- Men’s ice hockey outshoots Union 54-17, but falls 5-2
- Women’s basketball stifles Siena, forces 34 turnovers
- Men’s ice hockey beats RPI behind three power-play goals
- Men’s basketball drops MAAC opener to Monmouth
- Four kittens rescued from storm drain on-campus
- Remembering a beloved professor
- Police investigating robbery at Krauszer’s Market
- Quinnipiac rugby wins second straight national championship
- Public Safety investigates newspaper theft
- International students celebrate Thanksgiving
Canceling express shuttles put students at risk
On Saturday night, Quinnipiac cancelled express shuttles to New Haven for the third time this semester.
The university sent out the same email it had during the first two occasions, saying the shuttles had been suspended due to the latest weather forecast. The hope, presumably, was that by cancelling the university-provided transportation system, students would stay off of the roads.
The problem was that some students didn’t—and that’s extremely dangerous.
Students who wanted to go to Toad’s Place, or anywhere else in New Haven, sought out other ways to commute into the city. Some wouldn’t let their Saturday, often highlighted by going to New Haven, be ruined by a little snow.
So what did they do? Most called an Uber or another taxi service to get them both to the city and back to campus. This is the same thing they did the first two times the express shuttles were cancelled, too.
The taxi services daring enough to take on the winter conditions came to both the Mount Carmel and York Hill campus and brought students to New Haven. And some students who didn’t want to pay for a taxi even drove themselves.
Of course, we can’t forget that alcohol is often directly correlated with Toad’s Place and New Haven in general, making the fend-for-yourselves attitude the university chooses when cancelling shuttles an even higher risk for its students.
Isn’t taking a taxi or driving more hazardous than taking the university’s shuttles? Shouldn’t Quinnipiac rather have its students be in the hands of paid, trained employees who can drive slow on the highways in wintery conditions?
Well they don’t. They let students fend for themselves.
Last night I left campus around 11 p.m. with my roommate to get food. I’ll be the first to acknowledge the fact that the roads weren’t in good condition, forcing me to drive my truck with extra caution.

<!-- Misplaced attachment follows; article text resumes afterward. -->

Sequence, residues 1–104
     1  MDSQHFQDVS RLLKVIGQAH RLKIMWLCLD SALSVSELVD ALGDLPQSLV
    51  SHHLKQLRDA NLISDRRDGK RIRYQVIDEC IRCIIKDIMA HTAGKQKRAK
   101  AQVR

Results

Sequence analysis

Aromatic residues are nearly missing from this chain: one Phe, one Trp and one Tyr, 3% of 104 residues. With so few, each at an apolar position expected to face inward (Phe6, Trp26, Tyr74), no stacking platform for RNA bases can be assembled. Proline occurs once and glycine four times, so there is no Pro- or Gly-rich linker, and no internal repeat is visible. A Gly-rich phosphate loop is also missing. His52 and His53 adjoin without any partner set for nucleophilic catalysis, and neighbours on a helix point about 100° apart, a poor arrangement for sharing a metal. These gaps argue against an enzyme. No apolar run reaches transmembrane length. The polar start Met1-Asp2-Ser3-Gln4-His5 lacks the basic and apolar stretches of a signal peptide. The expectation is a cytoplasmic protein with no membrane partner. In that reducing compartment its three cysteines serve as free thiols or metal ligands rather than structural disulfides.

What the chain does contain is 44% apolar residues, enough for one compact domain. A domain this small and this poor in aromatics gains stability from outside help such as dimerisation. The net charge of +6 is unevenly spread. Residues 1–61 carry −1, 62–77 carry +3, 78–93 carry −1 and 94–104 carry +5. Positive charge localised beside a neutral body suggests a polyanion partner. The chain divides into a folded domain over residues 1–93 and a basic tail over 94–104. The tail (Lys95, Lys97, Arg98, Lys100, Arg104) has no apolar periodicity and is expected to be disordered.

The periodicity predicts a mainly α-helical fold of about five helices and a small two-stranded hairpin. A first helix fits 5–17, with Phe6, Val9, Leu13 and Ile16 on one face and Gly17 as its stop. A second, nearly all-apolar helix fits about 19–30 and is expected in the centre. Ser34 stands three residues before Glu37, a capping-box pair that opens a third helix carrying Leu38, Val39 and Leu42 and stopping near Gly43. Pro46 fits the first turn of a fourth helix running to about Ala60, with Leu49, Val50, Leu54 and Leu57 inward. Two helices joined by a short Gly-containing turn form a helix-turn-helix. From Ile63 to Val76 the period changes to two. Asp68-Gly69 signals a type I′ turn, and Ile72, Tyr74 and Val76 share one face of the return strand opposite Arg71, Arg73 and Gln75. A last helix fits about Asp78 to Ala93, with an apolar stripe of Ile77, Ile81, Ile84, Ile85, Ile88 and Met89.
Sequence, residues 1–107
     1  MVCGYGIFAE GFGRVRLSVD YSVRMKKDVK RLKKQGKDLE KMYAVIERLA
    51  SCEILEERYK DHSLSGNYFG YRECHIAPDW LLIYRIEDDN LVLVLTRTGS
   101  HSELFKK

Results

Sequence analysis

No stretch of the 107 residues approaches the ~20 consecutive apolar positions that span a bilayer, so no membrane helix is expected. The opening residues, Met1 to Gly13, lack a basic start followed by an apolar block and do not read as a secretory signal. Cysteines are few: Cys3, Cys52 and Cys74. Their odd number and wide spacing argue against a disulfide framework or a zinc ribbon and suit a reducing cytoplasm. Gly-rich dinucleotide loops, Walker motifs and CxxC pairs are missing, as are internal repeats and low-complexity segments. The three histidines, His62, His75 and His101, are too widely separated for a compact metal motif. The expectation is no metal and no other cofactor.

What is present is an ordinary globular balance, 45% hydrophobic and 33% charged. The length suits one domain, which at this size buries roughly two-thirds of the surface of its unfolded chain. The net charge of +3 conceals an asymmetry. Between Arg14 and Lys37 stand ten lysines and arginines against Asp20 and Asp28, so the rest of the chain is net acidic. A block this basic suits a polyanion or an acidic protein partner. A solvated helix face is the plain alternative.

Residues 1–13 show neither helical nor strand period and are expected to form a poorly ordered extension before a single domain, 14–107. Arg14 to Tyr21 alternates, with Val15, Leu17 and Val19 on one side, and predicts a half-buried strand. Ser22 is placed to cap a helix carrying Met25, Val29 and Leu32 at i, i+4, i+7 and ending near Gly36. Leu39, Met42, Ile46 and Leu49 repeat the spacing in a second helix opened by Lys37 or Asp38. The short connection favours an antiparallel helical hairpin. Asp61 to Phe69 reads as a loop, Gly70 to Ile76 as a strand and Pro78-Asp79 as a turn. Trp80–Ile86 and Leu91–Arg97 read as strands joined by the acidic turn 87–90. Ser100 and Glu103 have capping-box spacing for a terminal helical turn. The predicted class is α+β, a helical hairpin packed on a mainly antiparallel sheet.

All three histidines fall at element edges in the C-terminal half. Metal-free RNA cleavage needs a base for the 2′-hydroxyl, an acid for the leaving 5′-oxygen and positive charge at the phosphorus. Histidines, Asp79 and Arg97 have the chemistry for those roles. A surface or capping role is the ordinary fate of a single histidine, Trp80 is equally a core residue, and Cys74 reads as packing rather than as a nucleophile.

As I was driving, my roommate and I were talking about how dangerous it would be to drive a smaller vehicle in this weather. And on the way back, our observations were confirmed.
When making the trek up York Hill, a taxi kept slipping around turns. Finally, it slowed down so much that we wondered if it would start rolling backward on the hill.
Bottom line: it clearly wasn’t safe for the taxi driver and the students inside the vehicle.
Senior finance major Jared Haite says he feels at risk when taking a taxi, especially in wintery conditions.
“Half of the taxis can’t even get up the hill by Dunkin Donuts let alone York Hill, plus they’re mostly two-wheel drive,” Haite said. “Even though it’s the students choice, the school is indirectly putting us in danger.”
Allie Bona, a junior physical therapy major, agrees with Haite, saying she feels students are not safe when taking taxis.
“It’s dangerous for students to take taxis or drive themselves,” Bona said. “It could also be dangerous for the shuttles to drive, but with Uber, most of the cars are little so it’s not safe.”
Haite also added that taking the shuttle is more safe because of the role alcohol plays in a night out in New Haven.
“People are going to be drinking, but you’re safer on the shuttle,” Haite said. “If you drive or even take a taxi, I feel like people are more tempted to bring alcohol with them, which can lead to many forms of trouble.”
It’s time for the university to acknowledge the fact that students are going to go out regardless of whether or not the shuttles are cancelled.
Having students drive or take a taxi might let the university off the hook in the off chance a student gets into an accident, but it doesn’t keep the students safe—which should be the first priority.